Person failing
With a failure budget, you create a safe space for calculated risks, and strategically testing yourself within a defined limit. Image Credit: Shutterstock

Dubai-based Aradhya Menon, a homemaker dreams of her own cooking channel, owing to her prowess in the kitchen. She cherishes the idea of cooking delicious stews and steaming chicken curries, while talking to the camera. However, she’s worried about several things: What if she accidentally lets something burn? What if there are no viewers? What if people leave negative comments? What if.... what if?

She’s not the only one assailed by such fears: Most of us have had dreams that we didn’t pursue, because we feared that it would fail. However, what if there's a way to transform fear into fuel for innovation?

Enter the failure budget, your secret weapon for conquering the unknown. It’s a metaphorical bank for missteps and detours. Think of it like an ‘Oops-I-tried’ fund.

American psychologist Adam Grant crafted this novel approach in his book, Hidden Potential, wherein he explained the failure budget: A tool to help you fail more so that, in the end, you succeed more. He sets a goal for the number of failures you want to rack up in a year, a technique he uses himself.

As he told the Australian Financial Times, he had planned to launch three projects by 2024, which were expected to fail. If he misses the mark and fails a fewer times than what’s allotted in his budget, he isn’t pushing himself hard enough. And so, the idea of the ‘mistake budget’, is to push yourself past that wrong feeling. It also helps when you do suffer a setback. Ironically, when you tick off the ‘failure’ on this list, you feel rather satisfied: You are meeting a goal after all, as he says. This feeling softens the roughness of failure.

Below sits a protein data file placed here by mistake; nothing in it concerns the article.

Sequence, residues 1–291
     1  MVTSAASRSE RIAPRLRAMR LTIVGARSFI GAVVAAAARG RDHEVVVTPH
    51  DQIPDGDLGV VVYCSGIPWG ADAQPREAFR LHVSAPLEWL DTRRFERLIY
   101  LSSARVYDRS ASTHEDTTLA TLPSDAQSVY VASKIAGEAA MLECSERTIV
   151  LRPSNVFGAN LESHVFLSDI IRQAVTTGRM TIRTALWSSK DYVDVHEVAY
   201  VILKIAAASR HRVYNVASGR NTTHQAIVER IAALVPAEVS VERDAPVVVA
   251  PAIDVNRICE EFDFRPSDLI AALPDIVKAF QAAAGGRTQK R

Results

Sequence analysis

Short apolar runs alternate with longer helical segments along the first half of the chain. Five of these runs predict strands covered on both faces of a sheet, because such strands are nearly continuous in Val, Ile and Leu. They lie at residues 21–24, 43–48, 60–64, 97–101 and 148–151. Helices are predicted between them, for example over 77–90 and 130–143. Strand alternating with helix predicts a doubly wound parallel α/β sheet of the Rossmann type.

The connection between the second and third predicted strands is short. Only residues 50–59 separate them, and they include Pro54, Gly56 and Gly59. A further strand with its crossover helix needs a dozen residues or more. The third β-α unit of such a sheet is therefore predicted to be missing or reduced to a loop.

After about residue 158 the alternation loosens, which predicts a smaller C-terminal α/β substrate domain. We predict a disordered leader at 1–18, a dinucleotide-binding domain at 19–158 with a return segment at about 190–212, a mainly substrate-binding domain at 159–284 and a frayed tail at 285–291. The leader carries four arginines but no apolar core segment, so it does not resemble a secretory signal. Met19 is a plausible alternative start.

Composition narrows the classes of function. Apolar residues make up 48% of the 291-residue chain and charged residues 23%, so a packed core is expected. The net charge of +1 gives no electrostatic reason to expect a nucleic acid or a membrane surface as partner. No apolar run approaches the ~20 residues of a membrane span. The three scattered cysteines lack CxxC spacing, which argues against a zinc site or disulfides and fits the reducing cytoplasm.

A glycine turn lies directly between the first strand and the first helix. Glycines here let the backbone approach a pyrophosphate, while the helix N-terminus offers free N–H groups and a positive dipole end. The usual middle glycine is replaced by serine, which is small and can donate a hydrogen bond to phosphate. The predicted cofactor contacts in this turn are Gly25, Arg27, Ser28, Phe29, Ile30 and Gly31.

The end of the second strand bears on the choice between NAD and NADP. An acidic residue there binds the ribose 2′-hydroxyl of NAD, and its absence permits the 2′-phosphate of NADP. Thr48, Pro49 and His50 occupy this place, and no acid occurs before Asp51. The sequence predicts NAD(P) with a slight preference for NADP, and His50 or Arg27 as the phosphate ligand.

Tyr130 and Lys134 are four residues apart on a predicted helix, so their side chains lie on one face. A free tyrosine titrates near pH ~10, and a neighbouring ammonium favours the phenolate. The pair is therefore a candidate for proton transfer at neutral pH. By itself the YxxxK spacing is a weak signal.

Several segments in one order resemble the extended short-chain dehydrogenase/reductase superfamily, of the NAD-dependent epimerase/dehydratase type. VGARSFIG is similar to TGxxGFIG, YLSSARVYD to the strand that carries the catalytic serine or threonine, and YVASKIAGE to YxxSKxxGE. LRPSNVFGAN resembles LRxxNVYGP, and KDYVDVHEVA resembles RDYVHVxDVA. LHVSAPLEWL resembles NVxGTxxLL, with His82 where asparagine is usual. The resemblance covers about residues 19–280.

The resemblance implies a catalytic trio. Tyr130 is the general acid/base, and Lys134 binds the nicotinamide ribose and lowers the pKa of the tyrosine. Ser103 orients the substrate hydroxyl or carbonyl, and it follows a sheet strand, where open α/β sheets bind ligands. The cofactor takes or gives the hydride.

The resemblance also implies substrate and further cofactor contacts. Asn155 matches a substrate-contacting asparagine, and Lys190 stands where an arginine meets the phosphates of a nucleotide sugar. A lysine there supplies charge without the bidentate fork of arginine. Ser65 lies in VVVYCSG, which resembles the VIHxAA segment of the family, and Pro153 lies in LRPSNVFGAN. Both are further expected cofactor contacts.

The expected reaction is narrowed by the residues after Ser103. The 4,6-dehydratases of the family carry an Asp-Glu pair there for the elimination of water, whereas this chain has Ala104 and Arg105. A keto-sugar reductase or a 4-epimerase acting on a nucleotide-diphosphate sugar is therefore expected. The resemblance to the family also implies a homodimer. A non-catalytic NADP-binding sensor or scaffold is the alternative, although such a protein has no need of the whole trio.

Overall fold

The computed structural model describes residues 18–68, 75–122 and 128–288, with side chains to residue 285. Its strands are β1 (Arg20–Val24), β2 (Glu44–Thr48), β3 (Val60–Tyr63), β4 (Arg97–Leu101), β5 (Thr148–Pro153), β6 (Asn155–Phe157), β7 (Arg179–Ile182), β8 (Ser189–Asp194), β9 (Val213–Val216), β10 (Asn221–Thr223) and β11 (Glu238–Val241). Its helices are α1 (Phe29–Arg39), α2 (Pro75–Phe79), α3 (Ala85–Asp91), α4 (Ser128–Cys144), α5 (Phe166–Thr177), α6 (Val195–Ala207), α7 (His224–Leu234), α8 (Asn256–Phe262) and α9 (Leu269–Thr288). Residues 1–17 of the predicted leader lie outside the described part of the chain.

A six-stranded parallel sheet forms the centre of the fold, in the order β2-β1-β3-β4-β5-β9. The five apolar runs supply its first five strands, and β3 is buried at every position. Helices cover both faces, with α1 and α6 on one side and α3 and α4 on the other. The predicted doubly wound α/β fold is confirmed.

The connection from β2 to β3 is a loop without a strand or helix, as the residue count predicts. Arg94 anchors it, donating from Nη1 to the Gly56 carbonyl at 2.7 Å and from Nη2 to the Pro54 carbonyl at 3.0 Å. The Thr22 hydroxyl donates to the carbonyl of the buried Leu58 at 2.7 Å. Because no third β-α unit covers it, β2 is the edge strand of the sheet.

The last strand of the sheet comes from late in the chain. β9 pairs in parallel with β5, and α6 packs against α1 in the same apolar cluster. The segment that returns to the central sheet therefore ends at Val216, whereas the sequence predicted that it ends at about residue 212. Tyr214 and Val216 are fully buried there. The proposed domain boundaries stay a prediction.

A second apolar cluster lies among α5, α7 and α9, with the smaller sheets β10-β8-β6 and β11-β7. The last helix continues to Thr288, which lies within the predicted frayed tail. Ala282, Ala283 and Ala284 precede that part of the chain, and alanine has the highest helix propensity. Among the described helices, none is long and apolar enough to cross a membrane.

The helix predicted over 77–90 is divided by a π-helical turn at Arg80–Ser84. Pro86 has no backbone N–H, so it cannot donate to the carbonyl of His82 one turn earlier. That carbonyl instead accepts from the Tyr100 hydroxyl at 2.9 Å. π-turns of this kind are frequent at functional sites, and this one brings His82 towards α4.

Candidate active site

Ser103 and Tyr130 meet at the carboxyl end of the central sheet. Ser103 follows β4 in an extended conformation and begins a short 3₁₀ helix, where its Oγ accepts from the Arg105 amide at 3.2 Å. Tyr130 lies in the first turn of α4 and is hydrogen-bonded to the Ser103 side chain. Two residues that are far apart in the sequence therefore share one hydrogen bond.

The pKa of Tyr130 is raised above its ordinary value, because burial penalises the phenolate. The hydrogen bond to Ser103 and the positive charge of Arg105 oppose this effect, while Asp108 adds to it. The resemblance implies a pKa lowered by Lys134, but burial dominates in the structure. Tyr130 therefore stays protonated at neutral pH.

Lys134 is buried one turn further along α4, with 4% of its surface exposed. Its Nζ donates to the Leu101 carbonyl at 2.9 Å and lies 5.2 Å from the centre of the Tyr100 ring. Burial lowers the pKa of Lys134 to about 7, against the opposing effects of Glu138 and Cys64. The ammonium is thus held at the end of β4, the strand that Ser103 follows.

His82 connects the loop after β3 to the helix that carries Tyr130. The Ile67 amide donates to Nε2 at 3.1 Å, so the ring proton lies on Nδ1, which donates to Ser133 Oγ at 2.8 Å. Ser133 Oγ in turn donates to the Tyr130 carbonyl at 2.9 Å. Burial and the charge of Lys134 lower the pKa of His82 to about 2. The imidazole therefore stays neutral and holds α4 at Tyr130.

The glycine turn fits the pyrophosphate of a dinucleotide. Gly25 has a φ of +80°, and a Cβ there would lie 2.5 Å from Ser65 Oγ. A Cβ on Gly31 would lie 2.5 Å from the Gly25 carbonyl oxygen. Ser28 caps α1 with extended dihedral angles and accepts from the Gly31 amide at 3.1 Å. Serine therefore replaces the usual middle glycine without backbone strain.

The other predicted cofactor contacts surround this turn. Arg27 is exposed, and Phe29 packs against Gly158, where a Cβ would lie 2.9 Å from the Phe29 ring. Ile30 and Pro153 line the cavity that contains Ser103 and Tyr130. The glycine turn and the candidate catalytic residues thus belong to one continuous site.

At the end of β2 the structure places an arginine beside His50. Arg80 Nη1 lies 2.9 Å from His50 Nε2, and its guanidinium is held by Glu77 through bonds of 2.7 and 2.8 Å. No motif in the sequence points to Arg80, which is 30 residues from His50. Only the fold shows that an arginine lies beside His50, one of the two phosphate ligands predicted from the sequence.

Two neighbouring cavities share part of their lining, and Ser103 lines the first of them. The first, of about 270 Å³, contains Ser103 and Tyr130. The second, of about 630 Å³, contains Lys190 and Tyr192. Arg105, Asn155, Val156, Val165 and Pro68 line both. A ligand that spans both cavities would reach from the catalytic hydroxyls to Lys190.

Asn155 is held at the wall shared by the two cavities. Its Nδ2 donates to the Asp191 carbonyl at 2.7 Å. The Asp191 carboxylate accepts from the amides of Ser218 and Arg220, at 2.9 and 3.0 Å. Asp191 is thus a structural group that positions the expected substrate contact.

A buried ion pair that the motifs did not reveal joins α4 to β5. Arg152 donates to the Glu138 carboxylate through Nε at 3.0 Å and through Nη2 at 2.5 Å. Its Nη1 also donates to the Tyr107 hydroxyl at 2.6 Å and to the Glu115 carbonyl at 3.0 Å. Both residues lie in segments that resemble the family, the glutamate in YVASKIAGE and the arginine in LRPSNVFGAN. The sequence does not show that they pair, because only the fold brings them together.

The truth is, groundbreaking ideas rarely appear fully formed. They're forged in the fires of trial and error, as psychologists explain.

‘Success in our lives lies in the strength in our scars…’

Compassion
You need to forgive yourself when you make these errors, more importantly. Image Credit: Shutterstock

A failure budget isn’t magically ingrained into a person’s being, as Lois Grace Mathews, a Dubai-based psychologist explains. She says, “It is acquired, observed, modelled and finally etched into one’s being.” As Mathews elaborates, you choose to view your errors through a lens of compassion, which is directed towards yourself. “It encourages us to fight the fear of failure, and build faith in ourselves to manage these losses. It’s essential to have these learning bumps and detours, as certain blunders break you, but certain mistakes make you,” adds Mathews. You need to forgive yourself when you make these errors, more importantly.

She elaborates further: One’s true potential isn’t revealed, until they fail. So, embracing a failure budget comes at the cost of continuous transformation.

“The success in our lives lies in the strength in our scars,” she adds. UAE professionals and CEOs weigh in on this idea too, and explain how a failure budget can help in transforming a person’s outlook.

‘You’re not blindly throwing darts…’

hassled person